With a creative team of filmmakers, scriptwriters, and storytellers, archaeologists can break out of the mold of mystery, secret, discovery formulas where the entertainment comes from the non-archaeological host rather than from the archaeological story itself. Archaeology and its finds are exciting to the interested public. Archaeologists are not just purveyors of factoids—even though these shows often represent them that way—but constitute pursuers of broader and deeper understandings of antiquity. Rather than take these formulas as the only way an archaeological story can be told, let’s look to other models and see what they inspire. I suggest James Burke’s Connections or Sister Wendy’s Story of Painting. Maybe Simon Schama’s A History of Britain might inspire new modes of storytelling. Even Ken Burns’ The Civil War could be suggestive; antiquity is not littered with letters, but there are some from the cities of Canaan, Egypt, and other urban areas.

Archaeologists also need to be thinking about the message they want to deliver. Most archaeologists in the USA are teachers. They are not trained in producing mere “factoids,” even if that seems to be the way filmmakers package them, but rather approach their subjects with much broader perspectives. Classroom topics are not narrow, but broad. Smaller, specific examples are used to illustrate larger, important principles or conclusions. Discussion of archaeological sites and excavations are interpreted in the light of historical questions and knowledge. Sy Gitin, one of the excavators of Tel Miqne, for example, took part in a larger project trying to understand patterns of trade and migration in the Eastern Mediterranean. Archaeologists also address process and method, which can be interesting in and of itself, to teach students in how we actually draw conclusions about the past. Archaeologists have many interesting things to convey to an interested audience; they just need to get away from thinking that only TV or documentary producers can produce interesting materials.

Third, where do we tell those stories? Despite the Forum’s title of “Archaeologists and the Media,” the essays really only focus on one medium, that of television, and ignore the rest. And, despite this blinkered view, if there is one point that the three essays agree on, it is that TV has not been very cooperative in letting archaeologists tell their own story. The fault seems to lie in the medium’s very structure. As Silberman says, “Today’s five-hundred-channel cable TV spectrum…is a chaotic, noisy, public marketplace that succeeds by stimulating the viewers’ strong emotions—strong enough to keep them watching a certain channel, and not surf away during the commercial breaks that pay for everything.” TV is both a highly competitive and a decidedly commercial medium. Channels display what pays, and what pays are the shows that make a station competitive on a large scale.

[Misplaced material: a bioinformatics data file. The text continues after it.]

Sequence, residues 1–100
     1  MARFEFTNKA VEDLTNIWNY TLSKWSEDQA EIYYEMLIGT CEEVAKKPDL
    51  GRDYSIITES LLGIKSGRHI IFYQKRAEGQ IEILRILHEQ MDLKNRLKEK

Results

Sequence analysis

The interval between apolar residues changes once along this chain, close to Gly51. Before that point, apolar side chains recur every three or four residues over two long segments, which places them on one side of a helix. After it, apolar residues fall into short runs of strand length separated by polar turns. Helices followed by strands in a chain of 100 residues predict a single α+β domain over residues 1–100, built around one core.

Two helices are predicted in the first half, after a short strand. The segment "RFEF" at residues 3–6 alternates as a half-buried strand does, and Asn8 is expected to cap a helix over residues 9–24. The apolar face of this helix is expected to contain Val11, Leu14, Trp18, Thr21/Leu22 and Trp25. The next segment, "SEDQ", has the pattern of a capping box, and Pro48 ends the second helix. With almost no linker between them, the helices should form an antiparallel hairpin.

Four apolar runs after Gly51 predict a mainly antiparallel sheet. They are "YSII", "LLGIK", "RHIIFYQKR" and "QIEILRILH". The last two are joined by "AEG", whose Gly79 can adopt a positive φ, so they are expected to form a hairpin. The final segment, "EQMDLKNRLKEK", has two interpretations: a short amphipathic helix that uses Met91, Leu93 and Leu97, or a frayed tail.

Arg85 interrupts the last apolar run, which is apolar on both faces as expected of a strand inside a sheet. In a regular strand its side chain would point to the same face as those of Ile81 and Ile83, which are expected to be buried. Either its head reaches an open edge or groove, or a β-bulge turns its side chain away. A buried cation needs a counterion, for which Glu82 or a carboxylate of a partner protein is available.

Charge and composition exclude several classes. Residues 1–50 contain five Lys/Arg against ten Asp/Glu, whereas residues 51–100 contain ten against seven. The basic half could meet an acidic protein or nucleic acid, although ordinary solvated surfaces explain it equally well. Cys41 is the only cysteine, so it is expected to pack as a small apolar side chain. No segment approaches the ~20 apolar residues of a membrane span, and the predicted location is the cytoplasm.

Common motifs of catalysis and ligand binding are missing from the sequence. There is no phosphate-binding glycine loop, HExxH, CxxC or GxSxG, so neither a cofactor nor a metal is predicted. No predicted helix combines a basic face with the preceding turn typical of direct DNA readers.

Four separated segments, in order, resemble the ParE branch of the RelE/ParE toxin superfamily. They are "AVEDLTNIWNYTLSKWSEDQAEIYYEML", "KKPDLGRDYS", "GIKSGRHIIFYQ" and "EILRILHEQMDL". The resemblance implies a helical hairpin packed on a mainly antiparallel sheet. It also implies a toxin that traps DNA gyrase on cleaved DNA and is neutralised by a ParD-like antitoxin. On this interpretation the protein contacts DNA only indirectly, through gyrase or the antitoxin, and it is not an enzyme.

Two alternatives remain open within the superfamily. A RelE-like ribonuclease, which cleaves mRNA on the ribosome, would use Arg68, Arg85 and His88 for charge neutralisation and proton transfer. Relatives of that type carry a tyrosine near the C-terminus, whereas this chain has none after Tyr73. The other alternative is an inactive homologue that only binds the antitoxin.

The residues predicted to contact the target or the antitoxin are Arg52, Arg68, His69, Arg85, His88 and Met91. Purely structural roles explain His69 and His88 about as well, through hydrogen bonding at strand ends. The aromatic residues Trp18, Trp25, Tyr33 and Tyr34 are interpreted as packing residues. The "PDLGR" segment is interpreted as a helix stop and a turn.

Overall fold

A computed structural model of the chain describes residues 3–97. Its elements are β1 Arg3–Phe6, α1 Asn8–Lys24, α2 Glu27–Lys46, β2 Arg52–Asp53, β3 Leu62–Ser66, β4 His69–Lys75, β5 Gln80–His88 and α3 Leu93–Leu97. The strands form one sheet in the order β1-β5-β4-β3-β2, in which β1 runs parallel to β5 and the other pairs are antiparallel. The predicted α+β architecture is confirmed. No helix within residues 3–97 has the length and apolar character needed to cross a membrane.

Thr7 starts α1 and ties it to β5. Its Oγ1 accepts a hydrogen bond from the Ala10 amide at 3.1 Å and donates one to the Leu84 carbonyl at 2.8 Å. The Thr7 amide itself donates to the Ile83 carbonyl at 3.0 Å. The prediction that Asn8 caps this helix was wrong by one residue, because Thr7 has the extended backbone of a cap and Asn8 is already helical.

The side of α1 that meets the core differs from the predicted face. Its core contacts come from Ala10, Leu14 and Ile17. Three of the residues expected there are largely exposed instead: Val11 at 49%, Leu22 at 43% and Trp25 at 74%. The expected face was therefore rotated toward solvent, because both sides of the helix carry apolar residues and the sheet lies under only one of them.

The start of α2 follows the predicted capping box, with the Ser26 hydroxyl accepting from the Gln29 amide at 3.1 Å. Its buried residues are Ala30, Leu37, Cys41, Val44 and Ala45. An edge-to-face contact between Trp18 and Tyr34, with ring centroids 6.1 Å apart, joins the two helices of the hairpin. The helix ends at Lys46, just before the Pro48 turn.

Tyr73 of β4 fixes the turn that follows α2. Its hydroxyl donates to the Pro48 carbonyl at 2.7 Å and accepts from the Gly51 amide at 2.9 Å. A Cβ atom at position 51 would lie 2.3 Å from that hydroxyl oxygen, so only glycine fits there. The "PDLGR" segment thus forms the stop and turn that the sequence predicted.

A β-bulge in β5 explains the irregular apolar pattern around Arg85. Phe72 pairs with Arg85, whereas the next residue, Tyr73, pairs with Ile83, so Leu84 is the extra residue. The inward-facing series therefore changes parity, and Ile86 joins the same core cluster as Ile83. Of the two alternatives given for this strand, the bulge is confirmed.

Archaeology is not a commercial enterprise. Sure, excavations burn through large amounts of money to carry out their work, but the end product is a dig report which aims to enhance the understanding of the site, and hopefully, a variety of contributions to a broader understanding of the ancient world in which it participated. Most digs produce a few interesting artifacts to be displayed in museums. None of this is money making. So why should archaeology subject itself to a medium in which the almighty dollar reigns supreme? TV is a poor choice for those who want to achieve accurate representation of archaeology.

A better match for achieving the goal of communicating archaeology to the interested public is the Internet. Most people over 40 have yet to realize the sea-change in communication that the Web represents—one that has already happened among younger generations. For example, I picked up a new habit from my students; I watch TV with my laptop. When a show makes an interesting remark about science, or history, or archaeology, or literature, I’ll Google it to learn more. If it is a nature question, I’ll often wind up on an environmentalist website, or a nature society website (think Audubon Society). If it is a medical question, I usually come to a site sponsored by medical society, a drug company, or a research team. If it is literature, I may find the actual text of the literary work. If it is Bible or Near Eastern archaeology, however, I am more likely to wind up at Wikipedia—if I’m lucky. The academic field of Near Eastern archaeology lags behind in taking advantage of the Internet.

This is a shame. As the Obama campaign demonstrated on a large scale, the Internet enables the delivery of one’s own message to interested parties without the filter of TV pundits and producers. It was a triumph over the very problem that Eric Cline bemoaned in his essay.

So how could Near Eastern archaeologists use the Internet to disseminate information about archaeology?

Well, to improve my internet-assisted TV viewing, they could contribute more frequently and extensively to sites like Bible and Interpretation. This site has worked to bring archaeological results to the public, to provide explanations and interpretation of archaeological finds, and to support debate of historical and archaeological issues that are accessible to an educated and interested public.

Professional archaeologists and their students could create their own wikipedia, known as a “wiki” these days. Rather than let anyone write anything, a wiki focusing on Near Eastern archaeology could incorporate the vetting and editing of articles.

Archaeological digs could bring a writer onto their excavation team whose responsibility was to post a regular blog about each day’s activities and finds, along with photographs. If such a blog included interpretive discussions with a site’s chief archaeologists, it could provide some of the “spade work” for the season’s preliminary report.

If it is video imagery that we want to replace the poor TV programming, YouTube and other video sharing sites provide distribution locations for materials. While archaeologically oriented postings will probably not gain the millions of viewers attracted by some “virus videos,” YouTube is actually a good place for more serious material. More importantly, it can host video material in tandem with a website much more cheaply than such a site can do by itself.

The Bamburgh Research Project at Bamburgh Castle in Northern England has experimented with video in several ways ( A few postings appear on YouTube, but more importantly the excavation team includes a media department that records all the site’s work. These recordings provide the material for several media-based ventures.